“The Inferno of James Nachtwey” –March 25, 2003

A few years ago—three to be more exact—I was encountering the usual indignities of a life of freelance writing and was talking with the Boston Globe Arts editor, Scott Powers, about opportunities at that august newspaper. About the same time the renowned photographer James Nachtwey was in town to lecture at the Photographic Resource Center in conjunction with his book, Inferno, newly published by Phaidon. Seizing an opportunity to showcase my skills and
initiative, versatility, sense of humor, grasp of social issues, equanimity, fashion sense, news nose and kindness to animals, I wrote up a seven hundred word news piece on Nachtwey’s lecture and the book. Which I then e-mailed to editor Powers shortly after the lecture that evening (hoping, of course, to also prove my creative rapidity and/or my rapid creativity).

Power’s response was flabbergasting. He might have told me that I was a terrible writer and that what I had written was terrible. Or he might have told me that what I had written was okay but not for a newspaper—or any number of variations on that theme.

Here’s what he did tell me: the Globe had done a big piece on Nachtwey three years hence when the Mass College of Art hosted a major exhibition of Nachtwey’s work. Therefore, there was no need to cover this lecture or review the book. Maybe he was being a nice guy and sparing my feelings by not trashing my offering. Who knows?

Here is what I wrote:

Photojournalist James Nachtwey, who was raised and went to college in New England, spoke and presented slides from his new book Inferno at the Photographic Resource Center in Boston last night. Over two hundred people heard Nachtwey refer to the emotional challenge posed by the photographs in that nearly 500-page tome. As he showed some of the photographs he repeatedly acknowledged “the harrowing nature of these images” and his commitment to putting them in front of the world and his respect for the readers whom viewed them.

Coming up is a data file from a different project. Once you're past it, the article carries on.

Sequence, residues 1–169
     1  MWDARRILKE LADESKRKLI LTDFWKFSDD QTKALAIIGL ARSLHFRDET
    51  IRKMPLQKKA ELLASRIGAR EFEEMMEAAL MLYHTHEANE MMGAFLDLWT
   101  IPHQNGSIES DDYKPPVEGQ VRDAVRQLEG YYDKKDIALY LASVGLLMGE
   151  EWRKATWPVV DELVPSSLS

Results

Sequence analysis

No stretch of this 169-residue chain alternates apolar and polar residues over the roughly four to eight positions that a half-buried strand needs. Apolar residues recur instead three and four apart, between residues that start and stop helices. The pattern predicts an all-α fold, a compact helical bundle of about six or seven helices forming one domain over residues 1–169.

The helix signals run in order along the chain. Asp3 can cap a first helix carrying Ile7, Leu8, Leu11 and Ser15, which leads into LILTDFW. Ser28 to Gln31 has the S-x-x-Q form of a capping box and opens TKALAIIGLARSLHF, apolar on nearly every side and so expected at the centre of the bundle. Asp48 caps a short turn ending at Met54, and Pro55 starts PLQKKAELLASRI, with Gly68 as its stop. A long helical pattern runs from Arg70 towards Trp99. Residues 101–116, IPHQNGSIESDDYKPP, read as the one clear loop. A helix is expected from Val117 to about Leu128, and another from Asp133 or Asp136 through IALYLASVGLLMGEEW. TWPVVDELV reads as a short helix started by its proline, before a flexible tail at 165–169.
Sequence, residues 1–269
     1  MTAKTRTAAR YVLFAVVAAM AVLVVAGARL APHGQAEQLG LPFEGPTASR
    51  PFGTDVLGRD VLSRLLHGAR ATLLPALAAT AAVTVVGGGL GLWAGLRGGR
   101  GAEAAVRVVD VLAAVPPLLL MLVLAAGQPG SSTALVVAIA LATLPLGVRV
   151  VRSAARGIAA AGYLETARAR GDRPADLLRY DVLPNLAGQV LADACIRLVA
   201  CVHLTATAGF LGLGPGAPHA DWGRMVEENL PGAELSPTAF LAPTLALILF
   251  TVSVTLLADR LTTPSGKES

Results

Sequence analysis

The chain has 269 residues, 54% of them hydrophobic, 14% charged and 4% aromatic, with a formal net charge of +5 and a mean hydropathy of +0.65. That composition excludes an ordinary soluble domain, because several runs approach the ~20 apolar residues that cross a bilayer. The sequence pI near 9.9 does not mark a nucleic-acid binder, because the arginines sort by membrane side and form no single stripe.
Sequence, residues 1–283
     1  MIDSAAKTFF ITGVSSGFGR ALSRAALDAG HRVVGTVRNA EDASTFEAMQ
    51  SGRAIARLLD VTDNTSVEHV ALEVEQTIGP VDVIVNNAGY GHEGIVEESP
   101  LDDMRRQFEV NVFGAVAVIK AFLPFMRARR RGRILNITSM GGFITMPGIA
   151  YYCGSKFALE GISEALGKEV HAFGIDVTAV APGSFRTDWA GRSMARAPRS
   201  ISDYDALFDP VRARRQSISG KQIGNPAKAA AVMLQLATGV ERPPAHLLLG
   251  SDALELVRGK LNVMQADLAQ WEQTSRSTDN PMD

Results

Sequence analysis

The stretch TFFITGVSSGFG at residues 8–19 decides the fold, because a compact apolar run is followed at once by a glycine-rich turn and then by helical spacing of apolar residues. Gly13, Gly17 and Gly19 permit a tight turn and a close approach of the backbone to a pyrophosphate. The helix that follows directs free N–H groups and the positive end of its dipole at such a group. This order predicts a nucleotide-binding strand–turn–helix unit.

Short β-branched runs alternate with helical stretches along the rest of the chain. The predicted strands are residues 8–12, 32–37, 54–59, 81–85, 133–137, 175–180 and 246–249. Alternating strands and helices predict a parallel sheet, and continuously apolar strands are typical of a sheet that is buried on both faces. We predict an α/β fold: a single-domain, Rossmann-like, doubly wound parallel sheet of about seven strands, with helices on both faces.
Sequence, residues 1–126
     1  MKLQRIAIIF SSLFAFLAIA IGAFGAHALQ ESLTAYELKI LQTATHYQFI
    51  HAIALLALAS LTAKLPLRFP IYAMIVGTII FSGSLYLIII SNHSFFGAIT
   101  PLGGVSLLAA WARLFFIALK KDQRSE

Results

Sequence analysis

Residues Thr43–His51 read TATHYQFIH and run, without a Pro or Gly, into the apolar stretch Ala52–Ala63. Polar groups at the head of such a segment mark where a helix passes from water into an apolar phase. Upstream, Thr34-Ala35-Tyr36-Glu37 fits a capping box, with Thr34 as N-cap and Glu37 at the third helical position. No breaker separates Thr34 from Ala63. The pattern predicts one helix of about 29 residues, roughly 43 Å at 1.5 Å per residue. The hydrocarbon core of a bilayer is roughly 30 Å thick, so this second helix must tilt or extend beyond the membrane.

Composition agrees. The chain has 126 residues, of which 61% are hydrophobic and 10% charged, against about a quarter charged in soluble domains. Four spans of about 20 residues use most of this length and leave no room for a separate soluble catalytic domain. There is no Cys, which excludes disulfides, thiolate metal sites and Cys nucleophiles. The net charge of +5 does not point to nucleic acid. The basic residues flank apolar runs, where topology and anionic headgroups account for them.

Edited from 10 years of visits to the mouths of hell in Romania, Somalia, India, Sudan, Bosnia, Rwanda, Zaire, Chechnya and Kosovo, Inferno is not a “best of” collection of photographs. Rather it is the expression of the narrative thread that Nachtwey realized was emerging in his work around 1992. From the horrors of the orphanage gulag in Romania he discovered in 1990 to the profound despair in he portrayed in Kosovo last year James Nachtwey, who is a member of the hallowed Magnum photo agency, has shot for Time, Life, The New York Times Magazine, National Geographic, the German magazine Stern and the major Spanish magazine El Pais. In his photographs, he conveys the dignity of the sufferers in a dramatically personal and direct way. We look right into the faces of Romanian AIDS orphans. We see close up a dead Somali child being washed in preparation for her funeral shroud. Nachtwey gives us a picture of just the arms of Indian “untouchables” doing body-breaking menial labor. In Bosnia, we watch the bodies of Serbian soldiers being dumped out of a flat bead truck. In Kosovo, we are placed face to face with the despairing and displaced Albanian deportees. In page after page of this beautifully designed and printed book— which is dedicated to the people in it—eloquent and direct testimony is given to suffering of the victims of these crimes against humanity.